Yes, but only in specific cases.
First, you can use your bonus action to cast a spell and your action to take the attack action. Only a handful of spells have a casting time of a bonus action, though a sorcerer can use the Quicken Spell metamagic to reduce a spell's casting time to 1 bonus action, at the cost of sorcery points.
Second, A Valor Bard can cast a spell with a casting time of one action and use their bonus action to attack--their level 14 class feature states (PHB 55):
At 14th level, you have mastered the art of weaving spellcasting and weapon use into a single harmonious act. When you use your action to cast a bard spell, you can make one weapon attack as a bonus action.
Third, a 2nd level fighter is able to use action surges, which gives you an extra action (that you can use to cast a spell or attack)
Finally, an Eldritch Knight can cast a spell and make a single attack in a round at various levels:
Beginning at 7th level, when you use your action to cast a cantrip, you can make one weapon attack as a bonus action.
Starting at 18th level, when you use your action to cast a spell, you can make one weapon attack as a bonus action.
Allowing this more generally might make you overpowered.
D&D 5e's action economy and balance revolves around managing a character's action and bonus action. The DMG warns: (DMG 263)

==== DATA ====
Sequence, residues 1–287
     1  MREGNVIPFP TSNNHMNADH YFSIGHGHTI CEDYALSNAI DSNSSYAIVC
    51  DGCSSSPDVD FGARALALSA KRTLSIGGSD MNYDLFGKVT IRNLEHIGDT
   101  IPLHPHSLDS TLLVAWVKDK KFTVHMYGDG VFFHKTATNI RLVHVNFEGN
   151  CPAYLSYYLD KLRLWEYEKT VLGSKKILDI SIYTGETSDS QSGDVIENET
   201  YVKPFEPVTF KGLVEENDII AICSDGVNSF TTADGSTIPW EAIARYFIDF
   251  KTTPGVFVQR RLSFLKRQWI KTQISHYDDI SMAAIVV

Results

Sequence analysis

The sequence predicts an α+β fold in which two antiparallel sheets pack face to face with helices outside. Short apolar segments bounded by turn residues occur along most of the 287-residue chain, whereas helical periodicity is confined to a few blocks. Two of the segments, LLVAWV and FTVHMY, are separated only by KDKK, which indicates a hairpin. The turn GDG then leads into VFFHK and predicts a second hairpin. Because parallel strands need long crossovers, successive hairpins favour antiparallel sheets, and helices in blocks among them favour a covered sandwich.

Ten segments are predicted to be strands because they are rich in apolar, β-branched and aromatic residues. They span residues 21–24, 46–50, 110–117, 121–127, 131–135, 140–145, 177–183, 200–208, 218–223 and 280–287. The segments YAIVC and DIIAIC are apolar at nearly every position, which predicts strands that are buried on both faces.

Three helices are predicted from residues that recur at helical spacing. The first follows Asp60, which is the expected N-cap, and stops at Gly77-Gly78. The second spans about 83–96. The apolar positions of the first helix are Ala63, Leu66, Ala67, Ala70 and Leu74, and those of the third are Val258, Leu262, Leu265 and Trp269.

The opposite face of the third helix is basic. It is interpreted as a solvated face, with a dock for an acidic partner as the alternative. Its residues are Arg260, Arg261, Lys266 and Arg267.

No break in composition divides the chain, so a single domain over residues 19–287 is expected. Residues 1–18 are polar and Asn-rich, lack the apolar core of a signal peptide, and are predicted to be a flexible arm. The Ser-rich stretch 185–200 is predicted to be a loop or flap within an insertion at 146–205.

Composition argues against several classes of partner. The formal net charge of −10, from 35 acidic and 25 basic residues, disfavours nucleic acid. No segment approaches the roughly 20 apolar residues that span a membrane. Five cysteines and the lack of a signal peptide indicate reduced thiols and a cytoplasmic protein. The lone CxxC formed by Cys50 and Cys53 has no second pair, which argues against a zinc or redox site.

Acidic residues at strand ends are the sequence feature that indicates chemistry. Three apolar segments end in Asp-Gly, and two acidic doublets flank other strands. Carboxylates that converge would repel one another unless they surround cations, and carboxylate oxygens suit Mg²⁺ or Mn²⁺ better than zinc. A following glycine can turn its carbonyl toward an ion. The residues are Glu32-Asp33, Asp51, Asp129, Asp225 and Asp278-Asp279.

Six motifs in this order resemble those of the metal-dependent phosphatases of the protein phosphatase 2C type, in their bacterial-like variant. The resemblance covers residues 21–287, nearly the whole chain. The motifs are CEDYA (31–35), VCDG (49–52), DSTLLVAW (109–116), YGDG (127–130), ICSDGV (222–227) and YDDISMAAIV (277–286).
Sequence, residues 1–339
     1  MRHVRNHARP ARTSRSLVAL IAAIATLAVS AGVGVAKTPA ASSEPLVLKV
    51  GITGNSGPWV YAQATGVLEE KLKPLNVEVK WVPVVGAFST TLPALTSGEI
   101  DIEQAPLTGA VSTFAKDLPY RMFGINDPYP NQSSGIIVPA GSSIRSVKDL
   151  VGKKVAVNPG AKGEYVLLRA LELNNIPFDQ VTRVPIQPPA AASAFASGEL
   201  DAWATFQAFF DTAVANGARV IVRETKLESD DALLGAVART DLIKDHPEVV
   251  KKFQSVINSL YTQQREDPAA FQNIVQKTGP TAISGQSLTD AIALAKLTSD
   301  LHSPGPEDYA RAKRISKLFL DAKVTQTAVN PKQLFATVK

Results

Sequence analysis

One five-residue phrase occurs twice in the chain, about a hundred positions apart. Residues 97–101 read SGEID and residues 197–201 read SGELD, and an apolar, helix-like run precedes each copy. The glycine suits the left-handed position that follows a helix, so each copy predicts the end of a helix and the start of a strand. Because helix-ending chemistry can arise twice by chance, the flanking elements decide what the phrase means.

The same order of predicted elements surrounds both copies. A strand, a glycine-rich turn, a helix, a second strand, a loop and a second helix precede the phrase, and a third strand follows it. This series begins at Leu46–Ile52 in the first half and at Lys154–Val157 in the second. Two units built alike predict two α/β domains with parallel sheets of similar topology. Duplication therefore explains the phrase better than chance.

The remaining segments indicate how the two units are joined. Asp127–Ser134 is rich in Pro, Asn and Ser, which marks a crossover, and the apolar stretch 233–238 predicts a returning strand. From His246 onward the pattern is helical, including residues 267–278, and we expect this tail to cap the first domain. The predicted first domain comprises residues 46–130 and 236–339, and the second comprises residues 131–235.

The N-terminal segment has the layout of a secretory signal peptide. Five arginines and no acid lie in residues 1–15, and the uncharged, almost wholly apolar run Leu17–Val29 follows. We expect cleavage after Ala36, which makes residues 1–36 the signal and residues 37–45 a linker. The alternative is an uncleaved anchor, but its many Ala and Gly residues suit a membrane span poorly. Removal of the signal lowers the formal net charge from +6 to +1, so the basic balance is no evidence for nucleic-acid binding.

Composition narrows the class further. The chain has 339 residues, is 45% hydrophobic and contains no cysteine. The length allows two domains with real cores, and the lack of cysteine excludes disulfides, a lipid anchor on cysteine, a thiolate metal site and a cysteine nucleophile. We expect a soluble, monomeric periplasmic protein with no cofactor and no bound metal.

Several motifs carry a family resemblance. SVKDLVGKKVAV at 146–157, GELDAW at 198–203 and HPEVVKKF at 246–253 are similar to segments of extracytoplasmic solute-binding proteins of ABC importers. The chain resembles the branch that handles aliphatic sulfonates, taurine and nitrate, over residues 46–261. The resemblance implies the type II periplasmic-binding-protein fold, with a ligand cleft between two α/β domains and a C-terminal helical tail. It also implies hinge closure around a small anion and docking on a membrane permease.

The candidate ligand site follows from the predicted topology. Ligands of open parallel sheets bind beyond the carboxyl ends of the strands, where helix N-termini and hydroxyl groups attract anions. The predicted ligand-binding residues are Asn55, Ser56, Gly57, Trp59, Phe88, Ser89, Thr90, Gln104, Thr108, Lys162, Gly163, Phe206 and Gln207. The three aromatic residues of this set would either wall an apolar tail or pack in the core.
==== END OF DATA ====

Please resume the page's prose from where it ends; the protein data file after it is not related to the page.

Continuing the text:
Rules and game elements that override the rules for concentration, reactions, bonus actions, and magic item attunement can seriously unbalance or overcomplicate your game.
Allowing a character to effectively have a second action almost doubles that character's power. The features described above either have pretty tight restrictions that reduce the potential damage output or very high level requirements. If you or your DM want to homebrew a similar feature, you should take some care to balance it.
If you want to think about it in in-game terms, consider that casting a spell requires focus (concentration, one might say), skill, and effort to cast. Attacking with a second weapon might be an extra swipe or two with your off-hand, but committing to a spell is a much bigger deal and takes much longer. A single turn is only 6 seconds, after all!